Train Your Yard to Defeat Drought. You can do it. Yes, you!

By: Bill Finch

Wouldn’t it be great if you could train your yard to be more resistant to drought?

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Expecting our modern lawns and gardens to weather a drought is like expecting a hopeless couch potato to run a marathon. The way we water our yards has actually created weak and breathless plants that can’t survive under normal conditions, much less when things take a turn toward drought.

Fortunately, it’s very easy to train your lawn and garden to be stronger, healthier, and more fit, so they’re far more likely to win the struggle against the very worst droughts.

Unfortunately, we often do just the opposite, training our lawns and gardens to be lazy and drought-vulnerable.

Automated sprinkler systems are the worst training tools. Because these brainless automated systems have no way of knowing how much moisture is in the soil, they treat your lawns and plants as if they are invalids needing constant intensive care.

Even those of us who don’t have automated sprinkling systems seem to have mindlessly followed their lead – we often water our lawns in the same unhealthy way.

Most of these automated systems are set to come on multiple times a week, and often every day. Of course, that means you’re watering when you don’t need to, when the ground is already wet.

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The constant moisture around the leaves and crowns of the plants often weakens them, and creates ideal conditions for diseases and insects and many serious lawn weeds to thrive. I strongly suspect that frequent and excessive irrigation is the primary reason for increasing outbreaks of fungal diseases and many difficult lawn weeds.

But that’s not the worst of it. When these automated systems come on, they are usually timed to irrigate for minutes, when they should be timed to irrigate for hours. Those who drag hoses and sprinklers around the yard often water on the same short schedule.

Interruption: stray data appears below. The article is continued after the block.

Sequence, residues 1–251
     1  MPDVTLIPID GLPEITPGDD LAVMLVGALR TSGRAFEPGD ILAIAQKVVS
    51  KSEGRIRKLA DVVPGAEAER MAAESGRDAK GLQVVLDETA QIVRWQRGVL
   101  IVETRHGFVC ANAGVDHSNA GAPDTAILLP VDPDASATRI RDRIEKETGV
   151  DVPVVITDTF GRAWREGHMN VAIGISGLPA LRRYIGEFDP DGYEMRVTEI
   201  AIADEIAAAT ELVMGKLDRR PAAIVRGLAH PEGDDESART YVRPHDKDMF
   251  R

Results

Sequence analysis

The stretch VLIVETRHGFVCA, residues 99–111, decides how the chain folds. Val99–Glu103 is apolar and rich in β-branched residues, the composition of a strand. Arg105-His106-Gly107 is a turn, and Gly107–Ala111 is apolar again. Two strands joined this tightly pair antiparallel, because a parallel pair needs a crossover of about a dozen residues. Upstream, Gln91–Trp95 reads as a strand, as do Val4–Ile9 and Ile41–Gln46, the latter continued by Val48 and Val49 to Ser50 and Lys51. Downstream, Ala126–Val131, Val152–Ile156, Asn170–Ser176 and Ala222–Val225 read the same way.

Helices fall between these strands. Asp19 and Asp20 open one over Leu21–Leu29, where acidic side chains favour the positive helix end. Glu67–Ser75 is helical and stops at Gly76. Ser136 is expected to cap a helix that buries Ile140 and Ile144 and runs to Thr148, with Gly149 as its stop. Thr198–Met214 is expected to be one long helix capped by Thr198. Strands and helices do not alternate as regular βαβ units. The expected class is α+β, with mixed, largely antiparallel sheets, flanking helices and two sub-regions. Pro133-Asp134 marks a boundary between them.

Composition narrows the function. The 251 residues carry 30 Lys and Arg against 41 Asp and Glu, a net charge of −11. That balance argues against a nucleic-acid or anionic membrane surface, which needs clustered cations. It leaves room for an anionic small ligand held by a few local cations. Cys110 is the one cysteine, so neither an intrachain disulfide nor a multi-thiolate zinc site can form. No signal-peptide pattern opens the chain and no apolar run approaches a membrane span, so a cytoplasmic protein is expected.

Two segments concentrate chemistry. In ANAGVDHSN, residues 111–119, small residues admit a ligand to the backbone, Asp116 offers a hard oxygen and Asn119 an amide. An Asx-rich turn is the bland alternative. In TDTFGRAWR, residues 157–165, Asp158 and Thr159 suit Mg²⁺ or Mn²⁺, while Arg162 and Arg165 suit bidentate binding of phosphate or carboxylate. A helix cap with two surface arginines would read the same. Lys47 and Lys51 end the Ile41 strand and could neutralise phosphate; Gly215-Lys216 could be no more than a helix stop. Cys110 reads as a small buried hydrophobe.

Why does that make such a difference? Well, if you only water for minutes, the water doesn’t have time to penetrate very deeply into the soil. If you’re lucky, you might moisten the first half-inch of soil with a 30 minute sprinkle.

Because the water sits so close to the surface, it dries out fast, faster than the plants can use it efficiently.

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Now, try digging an inch or two below the ground, into the soil that hasn’t been moistened. It’s like trying to dig through a brick wall. That’s where your grass roots need to grow to be healthy and protected from drought and heat.

But if you can’t break through that soil by jackhammering it with a shovel, how do you think the roots can penetrate it? They don’t. The deep roots simply wither and die, leaving only the roots in that first half inch of soil, where they are most vulnerable to drought. That means you have to water frequently, even every day, just to keep them alive.

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That’s how you train your plants to be susceptible to drought. Fortunately, training them to be strong and resistant to drought requires less effort, uses much less water, and produces plants and lawns that are even more resistant to disease, insects, and many weeds.

The secret is to water infrequently, but deeply. ALWAYS water so that the ground is wet at least 6 inches deep. You won’t do that in a few minutes. In some soils, it could require watering overnight. It’s easy to figure out if you’ve watered enough. Just take a screwdriver, and plunge it in the ground. It will be very obvious how deep the water had soaked.

Because that deep watering lubricates the soil several inches below ground, roots aren’t strangled by the brick-hard layer of soil beneath, and they can reach deep to grab any moisture that’s available. Just as important, you essentially create a reservoir of water that is protected from evaporation, and reservoir that sits patiently until the plants are ready to use it.

The result is that one deep, long watering will keep your plants happy and healthy not just for days, but for weeks. Because only the roots stay moist, you avoid promoting diseases, insects and weeds that thrive on constant surface moisture.

You’ll know when you need to water again by looking at your plants. If leaves are folded or drooping in the morning, you need to water. Because you’re watering infrequently, you don’t need an expensive irrigation system to keep your garden growing. But if you do have an automated system, all you have to do is use it smartly, turning it off and on when needed, rather than expecting a dumb timer to know when water is needed.

The more you use deep watering to create a healthy growing environment for roots, the more drought resistant your plants will become. 

Bill Finch
Bill Finch
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